Preventing age-​related disease and disabilities

May 28, 2012 by Francis Turgeon

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“The Canadian population is aging. People over 65 are part of the most rapidly growing age demographic. In 2010, it was estimated there were 4.8 million Canadians age 65 and over, and this number is expected to double over the next -25 years, reaching 10.4 million by 2036. By 2051, about one in four Canadians will fall into this age category.”

As the body ages, it becomes more prone to the effects of illnesses such as cardiovascular disease, cancer, the loss of sensory perception, dementia and osteoporosis. However, it is possible to maximize healthy aging by adopting behaviours that help prevent and control disease.

Age-related health problems are the result of major physiological changes that come with aging. The heart weakens, joints wear down, neurons grow less efficient at transmitting information and bones become brittle. But it is a known fact that a healthy lifestyle can help prevent or reverse age-related diseases. Physical exercise will help maintain a healthy heart, strong bones and a proper weight. And you don’t need to be a marathon runner to enjoy the benefits of an active lifestyle. Simple things like choosing a parking spot further away from the store or taking the stairs instead of the elevator are excellent habits that can help you stay fit.

Quitting smoking will keep your lungs in good shape. A healthy diet will not only help you control your weight, it will provide your body with the nutrients it needs to function properly (for more help, consult the Canada Food Guide). In addition, certain medications can decrease the risk of falls and help prevent injury.

“Gradual hearing loss often goes unnoticed. Yet it is the most common sensory disability among seniors, affecting more than 30% of people age 65 and over. It is a serious problem—not only does it affect the elderly’s ability to hear, it also impacts their overall well-being. Hearing loss creates difficulties in communication and can lead a person to isolate themselves from family and friends and avoid social activities.”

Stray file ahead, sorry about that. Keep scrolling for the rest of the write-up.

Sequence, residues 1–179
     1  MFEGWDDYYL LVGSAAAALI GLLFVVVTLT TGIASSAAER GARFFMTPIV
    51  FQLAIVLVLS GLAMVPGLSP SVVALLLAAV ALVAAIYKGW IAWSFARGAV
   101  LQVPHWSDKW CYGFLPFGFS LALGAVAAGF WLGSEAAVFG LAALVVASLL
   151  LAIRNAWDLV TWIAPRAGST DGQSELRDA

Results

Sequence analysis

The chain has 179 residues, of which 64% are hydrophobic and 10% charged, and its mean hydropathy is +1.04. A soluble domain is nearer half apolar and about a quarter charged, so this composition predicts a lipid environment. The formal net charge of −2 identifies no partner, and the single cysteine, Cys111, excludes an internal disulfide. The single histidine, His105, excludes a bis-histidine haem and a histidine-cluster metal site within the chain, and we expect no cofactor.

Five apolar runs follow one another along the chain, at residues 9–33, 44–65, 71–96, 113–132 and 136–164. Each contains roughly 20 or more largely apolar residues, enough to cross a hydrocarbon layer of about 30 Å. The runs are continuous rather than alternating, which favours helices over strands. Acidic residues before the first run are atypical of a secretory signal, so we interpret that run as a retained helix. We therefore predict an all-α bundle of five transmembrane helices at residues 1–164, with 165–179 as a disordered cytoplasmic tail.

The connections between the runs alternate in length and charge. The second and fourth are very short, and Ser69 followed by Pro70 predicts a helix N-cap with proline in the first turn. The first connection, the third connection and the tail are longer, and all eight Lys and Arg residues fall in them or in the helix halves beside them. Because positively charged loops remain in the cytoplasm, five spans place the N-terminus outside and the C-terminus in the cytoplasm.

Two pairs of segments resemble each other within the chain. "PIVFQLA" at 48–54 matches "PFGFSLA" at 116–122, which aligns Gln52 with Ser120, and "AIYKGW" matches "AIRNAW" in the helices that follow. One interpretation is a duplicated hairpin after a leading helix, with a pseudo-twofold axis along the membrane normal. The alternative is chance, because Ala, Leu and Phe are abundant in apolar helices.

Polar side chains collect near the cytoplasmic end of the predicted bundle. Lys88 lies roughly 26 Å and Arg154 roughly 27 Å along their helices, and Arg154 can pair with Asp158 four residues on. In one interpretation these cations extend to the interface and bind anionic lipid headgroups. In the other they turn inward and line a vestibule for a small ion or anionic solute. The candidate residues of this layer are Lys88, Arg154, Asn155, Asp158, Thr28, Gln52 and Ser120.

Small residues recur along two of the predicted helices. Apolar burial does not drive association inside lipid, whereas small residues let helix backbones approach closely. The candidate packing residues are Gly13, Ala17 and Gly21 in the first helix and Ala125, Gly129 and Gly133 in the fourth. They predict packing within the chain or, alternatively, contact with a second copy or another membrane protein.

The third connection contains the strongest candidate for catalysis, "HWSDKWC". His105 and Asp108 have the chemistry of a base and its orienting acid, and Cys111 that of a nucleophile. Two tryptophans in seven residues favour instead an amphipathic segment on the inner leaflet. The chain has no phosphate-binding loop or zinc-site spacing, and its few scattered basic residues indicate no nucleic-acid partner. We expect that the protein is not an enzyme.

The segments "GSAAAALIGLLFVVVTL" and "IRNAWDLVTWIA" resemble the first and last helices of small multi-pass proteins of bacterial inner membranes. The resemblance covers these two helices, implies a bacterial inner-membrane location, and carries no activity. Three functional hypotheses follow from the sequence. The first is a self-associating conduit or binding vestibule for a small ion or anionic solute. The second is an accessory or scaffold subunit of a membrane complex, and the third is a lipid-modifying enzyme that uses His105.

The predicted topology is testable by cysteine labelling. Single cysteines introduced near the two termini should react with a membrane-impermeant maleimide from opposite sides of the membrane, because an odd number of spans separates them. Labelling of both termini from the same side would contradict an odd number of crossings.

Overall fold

There is a clear link between cardiovascular problems and hearing loss. Hearing problems can be caused by insufficient blood flow to the hearing organ, which is yet another excellent reason to maintain good cardiovascular health. Other causes of deafness in the elderly include noise exposure, heredity, middle ear problems, certain medications, neurological disease or stroke, head injury and inner-ear infection.

It is never too late to adopt habits that promote healthy aging, and you will reap the benefits at any age. Visit your pharmacist for tips on how to lead a healthier lifestyle.

References:
– Web site: Human Resources and Skills Development Canada, Government of Canada www.hrsdc.gc.ca, consulted on April 3, 2012.
– Web site: Public Health Agency of Canada, Government of Canada www.publichealth.gc.ca, consulted on April 3, 2012.
– HULL, Raymond H., and Stacy R. KERSCHEN. “The Influence of Cardiovascular Health on Peripheral and Central Auditory Function in Adults: A Research Review,” American Journal of Audiology, 2010, 19: 9-16.
– CROTEAU, François, Annabelle DUMAIS and Guy THIBAULT. “Lutter contre le cancer par l’exercice physique,” continuing education article from L’actualité pharmaceutique, September 2011.